Business Process as a Service: next phase

Business Process as a Service: next phase

Summary: Can business processes be packaged up and offered as application programming interfaces? Many such services are now emerging.


Cloud and Software as a Service is moving ever deeper into the enterprise. Business process API providers are starting to have their day. And, perhaps, they can deliver on the long-sought vision of assembling appropriate business apps in the fashion of Lego blocks.

Call center-US Bureau of Labor Statistics

Tnat's the word of tech investor Robin Vasan, writing in GigaOm, about a new emerging class of business process APIs. They differ from infrastructure-level APIs, he says, as they "are truly plug-and-go, requiring minimal programming, and thereby approaching the promise of 'legofication.'" And here's the clincher: "By targeting business processes such as payment processing or expense management, they are directly linked to revenue generation."

With such promise, as well as low access costs, business process APIs will be disrupting the business process outsourcing market.

Some examples of business process API providers, cited by Vasan:

  • Rubicon (Web advertising)
  • ZooZ (credit card/checkout)
  • Alfresco (enterprise document management)
  • Workday (Enterprise-ERP)
  • FinancialForce (Finance-accounting)
  • Coupa (procurement)

Vasan also discusses the evolution from rudimentary callable services to business process APIs:

"It all started with portable DLLs and shared libs, and then we went through a bad phase with DCOM and then moved onto to XML and SOAP which were unfortunately too prescriptive and constraining. Thankfully, HTTP and RESTful services emerged to provide a Web-style stateless approach. Each of these iterations has made it much easier for developers.."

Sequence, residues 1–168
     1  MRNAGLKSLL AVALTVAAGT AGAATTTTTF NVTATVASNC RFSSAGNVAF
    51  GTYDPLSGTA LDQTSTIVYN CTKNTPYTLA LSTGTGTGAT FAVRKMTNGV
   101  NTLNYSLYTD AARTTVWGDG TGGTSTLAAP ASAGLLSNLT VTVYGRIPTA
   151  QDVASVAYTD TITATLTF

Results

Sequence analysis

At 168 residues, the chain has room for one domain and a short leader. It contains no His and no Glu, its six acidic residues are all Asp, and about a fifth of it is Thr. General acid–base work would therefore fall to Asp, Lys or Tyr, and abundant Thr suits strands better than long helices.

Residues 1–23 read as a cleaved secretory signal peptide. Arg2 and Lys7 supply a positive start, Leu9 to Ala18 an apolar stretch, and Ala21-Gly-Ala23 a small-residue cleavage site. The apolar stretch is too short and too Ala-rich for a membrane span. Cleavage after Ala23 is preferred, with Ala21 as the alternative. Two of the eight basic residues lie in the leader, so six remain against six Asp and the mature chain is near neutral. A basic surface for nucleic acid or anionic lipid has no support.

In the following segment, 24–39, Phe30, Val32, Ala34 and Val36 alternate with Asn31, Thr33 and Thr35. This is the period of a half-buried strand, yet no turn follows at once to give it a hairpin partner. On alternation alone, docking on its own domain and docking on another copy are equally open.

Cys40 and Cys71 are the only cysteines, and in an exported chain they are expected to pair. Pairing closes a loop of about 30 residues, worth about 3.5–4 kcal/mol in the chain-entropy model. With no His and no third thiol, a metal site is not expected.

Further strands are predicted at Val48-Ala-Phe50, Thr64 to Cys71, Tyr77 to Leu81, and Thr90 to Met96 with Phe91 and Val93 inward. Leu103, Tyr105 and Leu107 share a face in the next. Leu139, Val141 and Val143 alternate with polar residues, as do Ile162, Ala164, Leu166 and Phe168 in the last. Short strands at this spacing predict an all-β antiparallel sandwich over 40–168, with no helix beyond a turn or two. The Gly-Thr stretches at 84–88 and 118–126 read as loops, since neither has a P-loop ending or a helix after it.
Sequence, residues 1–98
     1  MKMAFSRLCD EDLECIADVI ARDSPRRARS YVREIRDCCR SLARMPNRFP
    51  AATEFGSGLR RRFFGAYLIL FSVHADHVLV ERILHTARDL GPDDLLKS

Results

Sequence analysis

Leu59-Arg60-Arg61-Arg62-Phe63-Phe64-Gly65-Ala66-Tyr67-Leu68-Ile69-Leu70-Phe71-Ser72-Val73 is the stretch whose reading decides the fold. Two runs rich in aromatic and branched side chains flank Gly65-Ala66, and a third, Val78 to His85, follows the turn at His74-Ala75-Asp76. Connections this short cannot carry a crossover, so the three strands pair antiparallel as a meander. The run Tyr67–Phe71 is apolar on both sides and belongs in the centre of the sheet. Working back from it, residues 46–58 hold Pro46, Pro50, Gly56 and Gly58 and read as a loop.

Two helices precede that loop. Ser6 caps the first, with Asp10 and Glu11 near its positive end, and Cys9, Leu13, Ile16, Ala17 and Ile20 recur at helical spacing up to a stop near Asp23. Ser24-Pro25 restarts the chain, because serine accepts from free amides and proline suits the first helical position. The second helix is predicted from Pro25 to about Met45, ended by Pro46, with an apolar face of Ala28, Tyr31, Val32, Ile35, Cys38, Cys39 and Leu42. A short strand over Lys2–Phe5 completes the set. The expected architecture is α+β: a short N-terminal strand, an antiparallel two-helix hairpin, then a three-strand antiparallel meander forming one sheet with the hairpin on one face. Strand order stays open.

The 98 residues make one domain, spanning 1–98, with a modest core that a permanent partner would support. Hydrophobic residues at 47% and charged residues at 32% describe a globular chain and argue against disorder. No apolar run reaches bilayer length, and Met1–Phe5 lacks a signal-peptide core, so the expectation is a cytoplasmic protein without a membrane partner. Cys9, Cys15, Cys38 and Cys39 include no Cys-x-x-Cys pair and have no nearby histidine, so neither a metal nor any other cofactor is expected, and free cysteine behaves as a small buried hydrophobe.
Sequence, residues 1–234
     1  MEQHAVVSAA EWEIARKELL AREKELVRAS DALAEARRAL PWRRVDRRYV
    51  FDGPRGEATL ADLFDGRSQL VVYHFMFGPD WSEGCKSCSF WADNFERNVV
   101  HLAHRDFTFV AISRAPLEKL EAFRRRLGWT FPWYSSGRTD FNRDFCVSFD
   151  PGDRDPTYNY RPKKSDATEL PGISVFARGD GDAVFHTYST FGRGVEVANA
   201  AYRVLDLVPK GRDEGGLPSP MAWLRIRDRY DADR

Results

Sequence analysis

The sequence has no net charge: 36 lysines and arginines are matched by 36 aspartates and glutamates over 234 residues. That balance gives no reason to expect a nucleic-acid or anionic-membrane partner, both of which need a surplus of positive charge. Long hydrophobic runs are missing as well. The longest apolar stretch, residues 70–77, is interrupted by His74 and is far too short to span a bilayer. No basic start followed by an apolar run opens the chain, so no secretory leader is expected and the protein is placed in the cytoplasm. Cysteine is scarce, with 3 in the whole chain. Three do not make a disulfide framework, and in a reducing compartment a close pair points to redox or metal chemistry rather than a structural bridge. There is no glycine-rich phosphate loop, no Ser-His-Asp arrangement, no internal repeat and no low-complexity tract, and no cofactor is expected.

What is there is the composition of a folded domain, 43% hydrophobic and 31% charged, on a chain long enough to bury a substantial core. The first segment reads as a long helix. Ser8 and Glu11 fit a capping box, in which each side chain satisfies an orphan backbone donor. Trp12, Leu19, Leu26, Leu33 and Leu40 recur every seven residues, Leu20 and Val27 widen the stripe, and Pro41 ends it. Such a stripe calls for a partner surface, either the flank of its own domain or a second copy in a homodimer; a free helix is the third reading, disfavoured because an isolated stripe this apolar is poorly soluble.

(Photo: US Bureau of Labor Statistics.)

Topics: Enterprise Software, Cloud

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  • Integration platforms as a service to build business processes

    I like the concept of "assembling appropriate business apps in the fashion of Lego blocks"!
    In fact most of the SaaS enterprise vendors already expose their APIs publicly and many of their clients and integrators are using them to build custom business processes.
    For the lower end of the enterprise that don´t have technical skills and do not need to build complex processes there are easy to use integration services platforms that let you build simple standard processes in just a few clicks and almost no cost. CloudWork being one example of such platforms.